MRV Buys Fiberxon, Preps IPO
MRV announced the plan today, in pieces. The company first announced a planned $131 million acquisition of Fiberxon in cash and stock, a deal expected to close in the first half of 2007. That was followed up by MRV's declaration of a pending Luminent IPO, to be launched after the Fiberxon purchase, possibly as late as 2008. (See MRV to Acquire Fiberxon and Luminent Preps IPO.)
MRV stock was up 11 cents (2.9%) at $3.94 in late afternoon trading today.
The $131 million price consists of $17 million in cash, 21 million MRV shares, and another payment of $31.5 million in cash and/or stock to be made within 18 months of the deal's close.
Fiberxon and Luminent both sell optical transceivers and subassemblies, but officials think the overlap in products isn't so severe. Fiberxon sells EPON transceivers for the Asian market, an area Luminent hasn't tapped, and is also stronger in short-reach, low-cost access transceivers, says Near Margalit, Luminent CEO.
The reasoning behind the deal parallels that of NeoPhotonics Corp. (NYSE: NPTN), which has been broadening its product lines through acquisition. (See NeoPhotonics Expands in China and NeoPhotonics Buys Paxera.)
"We continue to believe scale and size are very important to compete, especially in fiber-to-the-home," Margalit says.
In fact, Margalit says Luminent/Fiberxon might even be the largest transceiver vendor -- that is, when you exclude datacom and enterprise transceivers, an area dominated by Avago Technologies Pte. and Finisar Corp. (Nasdaq: FNSR).
Breadth aside, the Fiberxon buy would also give Luminent its first operational base in China. And while Fiberxon claims a good chunk of its business is outside of Asia, its ties to Chinese carriers certainly helped push the deal. "There's no question Luminent's revenue base was very Western-centric, and the addition of Fiberxon makes for a much more global balance," Margalit says.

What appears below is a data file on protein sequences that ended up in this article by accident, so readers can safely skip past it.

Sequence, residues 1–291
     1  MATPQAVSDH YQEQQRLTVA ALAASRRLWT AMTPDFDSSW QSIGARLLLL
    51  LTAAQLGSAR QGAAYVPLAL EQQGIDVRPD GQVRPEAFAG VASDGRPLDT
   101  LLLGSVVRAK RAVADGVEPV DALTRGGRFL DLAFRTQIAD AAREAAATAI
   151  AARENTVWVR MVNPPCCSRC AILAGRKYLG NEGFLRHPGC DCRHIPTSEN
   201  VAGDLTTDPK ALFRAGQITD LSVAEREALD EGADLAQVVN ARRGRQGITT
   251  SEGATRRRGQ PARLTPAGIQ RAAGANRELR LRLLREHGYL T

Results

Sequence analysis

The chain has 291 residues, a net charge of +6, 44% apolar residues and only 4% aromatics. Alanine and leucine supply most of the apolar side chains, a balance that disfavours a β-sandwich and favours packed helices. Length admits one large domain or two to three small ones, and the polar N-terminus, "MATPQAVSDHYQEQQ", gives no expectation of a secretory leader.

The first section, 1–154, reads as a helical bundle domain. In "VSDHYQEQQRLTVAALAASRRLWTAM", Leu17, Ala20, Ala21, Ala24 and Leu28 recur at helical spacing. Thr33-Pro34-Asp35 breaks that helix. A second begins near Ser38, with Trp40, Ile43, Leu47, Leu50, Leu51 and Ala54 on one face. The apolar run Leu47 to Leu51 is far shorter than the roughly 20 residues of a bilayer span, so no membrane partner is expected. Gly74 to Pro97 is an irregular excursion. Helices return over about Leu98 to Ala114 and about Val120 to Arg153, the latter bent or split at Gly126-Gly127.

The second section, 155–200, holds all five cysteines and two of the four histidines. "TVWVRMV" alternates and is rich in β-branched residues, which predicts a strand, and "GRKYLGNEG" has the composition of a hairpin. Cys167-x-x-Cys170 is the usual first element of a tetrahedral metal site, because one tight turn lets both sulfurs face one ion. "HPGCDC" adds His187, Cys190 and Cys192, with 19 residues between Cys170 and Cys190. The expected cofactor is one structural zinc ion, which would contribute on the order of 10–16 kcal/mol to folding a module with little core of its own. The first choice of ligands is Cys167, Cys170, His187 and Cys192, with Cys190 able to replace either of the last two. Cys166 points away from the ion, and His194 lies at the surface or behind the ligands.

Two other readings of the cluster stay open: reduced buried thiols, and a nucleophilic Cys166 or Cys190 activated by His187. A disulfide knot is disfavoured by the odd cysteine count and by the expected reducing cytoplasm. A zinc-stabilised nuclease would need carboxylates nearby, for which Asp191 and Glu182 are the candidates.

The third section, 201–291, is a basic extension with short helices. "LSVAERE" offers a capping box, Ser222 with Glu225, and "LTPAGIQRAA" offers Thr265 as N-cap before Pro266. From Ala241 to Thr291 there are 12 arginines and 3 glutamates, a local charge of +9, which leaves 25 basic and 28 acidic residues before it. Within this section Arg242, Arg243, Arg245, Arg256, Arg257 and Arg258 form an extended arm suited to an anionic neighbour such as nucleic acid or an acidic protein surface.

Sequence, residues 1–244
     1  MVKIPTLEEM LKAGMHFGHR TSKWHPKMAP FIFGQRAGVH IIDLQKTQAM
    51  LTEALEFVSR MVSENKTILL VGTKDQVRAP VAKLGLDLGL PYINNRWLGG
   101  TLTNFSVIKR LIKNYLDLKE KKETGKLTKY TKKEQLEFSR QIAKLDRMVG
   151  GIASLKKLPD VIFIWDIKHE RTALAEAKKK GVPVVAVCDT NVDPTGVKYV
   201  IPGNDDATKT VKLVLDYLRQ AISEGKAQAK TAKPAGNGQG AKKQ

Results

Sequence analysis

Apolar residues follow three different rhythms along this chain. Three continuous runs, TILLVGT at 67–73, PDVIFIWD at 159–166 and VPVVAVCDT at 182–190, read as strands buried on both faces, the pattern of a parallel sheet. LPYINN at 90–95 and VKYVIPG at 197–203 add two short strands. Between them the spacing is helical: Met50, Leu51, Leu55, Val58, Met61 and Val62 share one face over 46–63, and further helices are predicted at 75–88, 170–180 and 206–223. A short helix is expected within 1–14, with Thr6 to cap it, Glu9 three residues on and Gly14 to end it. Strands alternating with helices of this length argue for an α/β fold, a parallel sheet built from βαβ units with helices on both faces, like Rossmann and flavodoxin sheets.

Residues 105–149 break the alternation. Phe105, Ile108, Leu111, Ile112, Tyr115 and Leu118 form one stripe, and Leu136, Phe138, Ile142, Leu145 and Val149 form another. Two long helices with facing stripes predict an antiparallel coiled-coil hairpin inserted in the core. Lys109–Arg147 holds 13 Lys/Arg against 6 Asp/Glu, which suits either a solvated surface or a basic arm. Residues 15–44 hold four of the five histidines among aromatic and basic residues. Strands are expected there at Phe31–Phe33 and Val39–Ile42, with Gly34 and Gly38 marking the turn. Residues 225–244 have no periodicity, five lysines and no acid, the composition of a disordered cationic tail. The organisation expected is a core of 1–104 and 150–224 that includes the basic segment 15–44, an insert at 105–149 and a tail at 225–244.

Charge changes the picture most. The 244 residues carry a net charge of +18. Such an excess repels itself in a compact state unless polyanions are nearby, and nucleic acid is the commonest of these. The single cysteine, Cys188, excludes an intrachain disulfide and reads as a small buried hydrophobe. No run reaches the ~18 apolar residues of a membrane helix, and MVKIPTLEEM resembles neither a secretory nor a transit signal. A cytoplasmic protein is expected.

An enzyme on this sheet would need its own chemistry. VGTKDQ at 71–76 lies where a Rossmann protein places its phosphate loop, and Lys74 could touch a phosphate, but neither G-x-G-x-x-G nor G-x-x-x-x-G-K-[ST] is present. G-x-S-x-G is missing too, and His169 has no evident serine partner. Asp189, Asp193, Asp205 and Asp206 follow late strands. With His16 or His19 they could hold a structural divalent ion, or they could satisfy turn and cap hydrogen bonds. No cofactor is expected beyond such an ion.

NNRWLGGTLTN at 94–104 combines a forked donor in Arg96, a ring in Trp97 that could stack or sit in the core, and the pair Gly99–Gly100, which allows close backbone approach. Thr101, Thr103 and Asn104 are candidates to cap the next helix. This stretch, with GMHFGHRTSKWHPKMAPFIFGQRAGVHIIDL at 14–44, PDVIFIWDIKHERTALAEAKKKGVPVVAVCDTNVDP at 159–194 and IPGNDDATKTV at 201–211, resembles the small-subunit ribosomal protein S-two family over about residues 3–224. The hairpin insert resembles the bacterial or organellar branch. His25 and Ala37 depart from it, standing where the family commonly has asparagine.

Today's deal marks the second time MRV/Luminent has tried to get a piece of China. Earlier this year, Luminent had agreed to acquire HG Genuine Opto, a subsidiary of Huagong Tech Co. Ltd. But sagging market valuations scuttled that deal. (See Luminent Buys Chinese Vendor and Luminent Cancels HG Buy.)
The IPO dream
So, what about Fiberxon? Three years ago, the company had its heart set on a U.S. IPO. Fiberxon was even incorporated in the United States despite having nearly all its operations in China -- a conscious choice made by CEO Li Hsu to increase his company's chances. (See Fiberxon Eyes IPO and Fiberxon Mulls IPO.)
The MRV purchase takes Fiberxon out of an IPO market that's warming up to optical. Optium Corp. (Nasdaq: OPTM) went public in October, opening at $21.25 and closing yesterday at $24.10, a 13 percent increase.
But Fiberxon never built up the kind of IPO buzz that's surrounded the likes of NeoPhotonics, Opnext Inc. (Nasdaq: OPXT), and Santur Corp. (See Optium IPO Rolls On, Optical IPOs: Opnext Is Next, and OFC: Optics & IPOs.)
Fiberxon officials weren't available for comment, but it appears the revenues just didn't spell IPO. Fiberxon was on a fast clip in 2004, when it predicted a $30 million year, doubling its 2003 sales. Officials then were optimistic they could reach $60 million by 2005.
It wasn't to be. Hsu told Light Reading last year that revenues in 2005 climbed to about $39 million, and today the company says 2006 revenues came in at $45 million to $48 million. Fiberxon does claim it's been profitable for the past 17 quarters, but word is that the company started looking for options beyond an IPO.
"We had been hearing for more than a year that the company had put itself up for sale," analyst John Harmon of Needham & Co. wrote in a report issued today.
Fiberxon already had 350 employees in 2004 and has grown to more than 700, according to the MRV press release. Those employees would be retained after the acquisition, giving Luminent a total of 1,300. Fiberxon's executive team will be given senior positions in Luminent, Margalit says -- with some exceptions. Margalit confirmed a rumor that Fiberxon's vice president of finance has left the company.
— Craig Matsumoto, West Coast Editor, Light Reading